When someone hands you a cocktail during a night out, you’re most appreciative of the complimentary drink. However, upon receiving a wax-stamped, embossed cream envelope with an invitation inside that reads “cocktail attire”, many a modern gent are left puzzled, rather than pumped, by the chance to dress up a little.
Let’s talk cocktail attire: are suits obligatory? Or are jeans and blazer acceptable today? And, in our sportswear obsessed, luxury world, do clean white sneakers cut it? Wondering what to wear is a common concern. Why, there’s black tie, smart casual and business casual already putting you through your dress code paces. So relax, breathe deep. We’re here to put your mind, and wardrobe, at ease. We’ve debunked the cocktail dress code once and for all. And put a contemporary spin on it.
Definition of Cocktail Attire
Cocktail attire gained popularity in the Twenties and Thirties, when it became common in wealthier, fashionable households to enjoy pre-dinner drinks and canapés in the hours between day and evening. Back then, social events, activities and ostentatious occasions required men to ‘change’ their kit to be more suitably dressed. And, so a new dress code formed.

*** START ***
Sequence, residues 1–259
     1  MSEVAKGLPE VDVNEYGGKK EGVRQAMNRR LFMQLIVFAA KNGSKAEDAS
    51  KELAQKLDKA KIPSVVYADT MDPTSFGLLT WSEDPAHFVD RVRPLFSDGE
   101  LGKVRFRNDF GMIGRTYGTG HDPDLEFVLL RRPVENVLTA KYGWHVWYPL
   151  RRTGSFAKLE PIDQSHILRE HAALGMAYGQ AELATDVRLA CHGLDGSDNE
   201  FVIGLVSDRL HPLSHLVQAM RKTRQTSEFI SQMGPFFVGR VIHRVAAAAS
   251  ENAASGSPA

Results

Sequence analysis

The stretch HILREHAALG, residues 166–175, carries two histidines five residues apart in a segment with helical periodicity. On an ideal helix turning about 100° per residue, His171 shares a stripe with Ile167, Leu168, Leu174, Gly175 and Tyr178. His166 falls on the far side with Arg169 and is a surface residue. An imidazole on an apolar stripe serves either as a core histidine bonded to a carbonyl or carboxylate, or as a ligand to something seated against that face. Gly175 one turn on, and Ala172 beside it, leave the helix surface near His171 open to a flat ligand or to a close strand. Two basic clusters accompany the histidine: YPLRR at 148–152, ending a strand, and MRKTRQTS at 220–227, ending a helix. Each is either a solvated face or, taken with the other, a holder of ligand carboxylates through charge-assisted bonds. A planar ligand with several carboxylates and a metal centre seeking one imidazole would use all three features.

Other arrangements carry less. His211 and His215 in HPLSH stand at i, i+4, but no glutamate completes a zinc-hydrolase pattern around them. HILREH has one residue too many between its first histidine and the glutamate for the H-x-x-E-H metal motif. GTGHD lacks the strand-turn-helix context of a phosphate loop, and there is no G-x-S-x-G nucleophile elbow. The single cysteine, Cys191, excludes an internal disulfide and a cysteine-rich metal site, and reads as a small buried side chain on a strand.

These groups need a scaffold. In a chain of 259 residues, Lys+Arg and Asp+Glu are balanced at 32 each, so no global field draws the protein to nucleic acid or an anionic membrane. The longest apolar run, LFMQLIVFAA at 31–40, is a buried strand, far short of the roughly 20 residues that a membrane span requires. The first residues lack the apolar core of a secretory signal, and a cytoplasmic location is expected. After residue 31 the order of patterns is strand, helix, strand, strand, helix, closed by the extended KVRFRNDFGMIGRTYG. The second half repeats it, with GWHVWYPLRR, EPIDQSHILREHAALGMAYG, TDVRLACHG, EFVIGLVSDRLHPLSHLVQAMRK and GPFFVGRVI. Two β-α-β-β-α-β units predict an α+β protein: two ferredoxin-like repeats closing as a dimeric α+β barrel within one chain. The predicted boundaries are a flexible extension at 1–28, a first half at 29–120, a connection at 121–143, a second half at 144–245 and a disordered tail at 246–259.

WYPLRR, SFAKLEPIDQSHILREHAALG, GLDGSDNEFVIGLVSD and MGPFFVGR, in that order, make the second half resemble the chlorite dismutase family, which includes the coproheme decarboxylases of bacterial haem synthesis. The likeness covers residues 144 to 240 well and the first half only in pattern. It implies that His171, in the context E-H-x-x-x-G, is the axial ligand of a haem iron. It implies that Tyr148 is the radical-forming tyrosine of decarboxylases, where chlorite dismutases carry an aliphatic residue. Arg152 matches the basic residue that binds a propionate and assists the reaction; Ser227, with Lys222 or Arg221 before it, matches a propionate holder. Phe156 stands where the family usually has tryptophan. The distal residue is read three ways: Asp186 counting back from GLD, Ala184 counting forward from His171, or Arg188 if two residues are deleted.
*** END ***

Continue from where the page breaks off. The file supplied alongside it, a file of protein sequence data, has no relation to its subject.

Essentially, it’s a semi-formal look or outfit that will take you from day to night; bridging the gap between casual day wear, which is too relaxed, and formal evening attire, which is too prim and proper.
In a modern context, the ‘between the hours’ dress code applies to cocktail parties, obviously, but also weddings, anniversaries, formal birthday celebrations and the timeless sporting events such as the races. Basically, where a little more refinement is required, old chap.